Why Historians are Very Worried About a Second Term of TrumpRoundup
tags: authoritarianism, Donald Trump
Edward T. O’Donnell is an associate professor of history and chair of the history department at the College of the Holy Cross in Worcester, Mass.
Across the United States, historians are worried. Indeed, many of us are filled with a deepening sense of dread about the direction in which our country is headed. And with good reason. Because while historians can’t predict the future, we also can’t help but see in current events certain patterns, continuities and examples from the past that suggest how it all might play out. Many of us see President Trump and his right-wing allies steering this country towards an authoritarianism that will end American democracy as we know it. It’s on account of these dark visions of the near future that nearly every historian I know says they have not slept well in ages.
As historians, we are frightened when we see a president routinely demonize the media as “the enemy of the people,” because we know that waging war on journalists and an independent press has been the norm in authoritarian regimes that seek to silence free speech, criticism and dissent.
As historians, we are sickened when we see a president brand his political opponents not simply misguided, but rather illegitimate actors who want nothing less than the total destruction of the nation. We know that authoritarians have long relied on this tactic to gain power and then justify one-party rule.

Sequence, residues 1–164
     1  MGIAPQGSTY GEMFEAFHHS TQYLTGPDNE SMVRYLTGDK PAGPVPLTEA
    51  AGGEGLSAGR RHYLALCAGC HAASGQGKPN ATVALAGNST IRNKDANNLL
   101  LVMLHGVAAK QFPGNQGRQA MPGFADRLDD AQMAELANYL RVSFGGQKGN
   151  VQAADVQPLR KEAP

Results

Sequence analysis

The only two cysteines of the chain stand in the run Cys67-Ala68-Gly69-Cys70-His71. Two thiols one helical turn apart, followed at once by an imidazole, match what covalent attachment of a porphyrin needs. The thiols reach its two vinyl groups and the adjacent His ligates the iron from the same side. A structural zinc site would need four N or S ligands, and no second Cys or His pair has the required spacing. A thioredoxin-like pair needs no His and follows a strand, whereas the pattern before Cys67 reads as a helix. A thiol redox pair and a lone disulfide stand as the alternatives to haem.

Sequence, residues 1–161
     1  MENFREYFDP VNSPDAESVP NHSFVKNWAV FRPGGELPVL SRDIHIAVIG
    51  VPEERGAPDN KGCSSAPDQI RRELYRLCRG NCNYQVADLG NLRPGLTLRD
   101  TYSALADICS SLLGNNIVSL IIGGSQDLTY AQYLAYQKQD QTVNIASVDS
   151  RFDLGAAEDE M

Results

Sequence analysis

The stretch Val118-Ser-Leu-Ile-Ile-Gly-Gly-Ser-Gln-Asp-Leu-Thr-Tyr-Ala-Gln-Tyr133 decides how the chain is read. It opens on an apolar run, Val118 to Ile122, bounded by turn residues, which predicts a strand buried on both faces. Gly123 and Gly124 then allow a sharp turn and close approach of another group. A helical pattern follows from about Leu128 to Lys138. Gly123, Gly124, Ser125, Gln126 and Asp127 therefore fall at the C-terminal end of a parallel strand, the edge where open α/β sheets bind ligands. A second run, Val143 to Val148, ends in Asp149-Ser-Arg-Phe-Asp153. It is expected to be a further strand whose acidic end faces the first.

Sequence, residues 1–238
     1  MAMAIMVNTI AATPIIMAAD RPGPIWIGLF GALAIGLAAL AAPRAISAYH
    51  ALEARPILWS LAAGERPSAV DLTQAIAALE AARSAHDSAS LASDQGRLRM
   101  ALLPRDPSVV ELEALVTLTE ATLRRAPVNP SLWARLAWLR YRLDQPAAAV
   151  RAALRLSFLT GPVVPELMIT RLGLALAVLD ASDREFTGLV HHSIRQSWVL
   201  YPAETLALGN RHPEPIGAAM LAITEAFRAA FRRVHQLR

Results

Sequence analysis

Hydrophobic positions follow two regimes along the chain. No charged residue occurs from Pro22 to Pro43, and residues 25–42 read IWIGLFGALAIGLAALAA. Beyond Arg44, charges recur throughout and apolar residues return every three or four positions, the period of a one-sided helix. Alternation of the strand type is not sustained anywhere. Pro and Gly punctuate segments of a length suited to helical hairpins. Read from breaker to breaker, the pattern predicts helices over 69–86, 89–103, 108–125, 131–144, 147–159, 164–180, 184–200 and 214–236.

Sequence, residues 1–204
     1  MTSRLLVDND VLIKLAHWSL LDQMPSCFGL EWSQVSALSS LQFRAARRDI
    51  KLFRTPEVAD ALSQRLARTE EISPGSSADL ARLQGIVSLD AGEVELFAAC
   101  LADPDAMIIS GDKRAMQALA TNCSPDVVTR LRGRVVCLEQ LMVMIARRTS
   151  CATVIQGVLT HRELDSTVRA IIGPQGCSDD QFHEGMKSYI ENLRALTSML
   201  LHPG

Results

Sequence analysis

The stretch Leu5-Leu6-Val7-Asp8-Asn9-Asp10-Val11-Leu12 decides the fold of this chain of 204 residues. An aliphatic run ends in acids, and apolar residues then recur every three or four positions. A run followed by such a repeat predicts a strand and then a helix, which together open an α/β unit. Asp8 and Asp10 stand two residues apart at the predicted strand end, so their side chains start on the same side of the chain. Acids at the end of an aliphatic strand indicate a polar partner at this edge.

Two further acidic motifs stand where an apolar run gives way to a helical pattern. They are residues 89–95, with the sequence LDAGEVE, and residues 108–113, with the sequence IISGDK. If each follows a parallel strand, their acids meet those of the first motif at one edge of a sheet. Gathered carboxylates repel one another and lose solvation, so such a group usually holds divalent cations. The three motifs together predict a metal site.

As historians, we shudder when we hear a president extol an imagined, idealized past (“Make America Great Again”) when the nation once allegedly stood tall, proud, united and strong. We know that authoritarians have always used this sort of weaponized nostalgia to dupe supporters into believing they will magically restore the nation to its past greatness — and punish their opponents for knowingly leading the nation astray.
As historians, we are alarmed when we see a president fail to bluntly condemn white supremacists, while echoing their accusations against immigrants and people of color for being the source of their poverty, misery and insecurity. We know authoritarian regimes in the past have successfully employed this strategy to mobilize supporters, often with deadly consequences.
As historians, we are distressed at the sight of a president who, despite showing no outward sign at any point in his life that he is a man of faith who takes religion seriously, presents himself as the defender of Christianity against godless secularists. We know that authoritarians have long exploited religion to lend their regimes an aura of righteousness, which in turn, serves to justify any outrages they commit.
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